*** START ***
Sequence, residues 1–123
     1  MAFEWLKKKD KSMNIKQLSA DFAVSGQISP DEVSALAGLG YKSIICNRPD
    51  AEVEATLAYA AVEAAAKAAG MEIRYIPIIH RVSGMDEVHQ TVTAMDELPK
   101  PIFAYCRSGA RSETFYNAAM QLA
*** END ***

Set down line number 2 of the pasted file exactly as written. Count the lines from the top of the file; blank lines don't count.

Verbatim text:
     1  MAFEWLKKKD KSMNIKQLSA DFAVSGQISP DEVSALAGLG YKSIICNRPD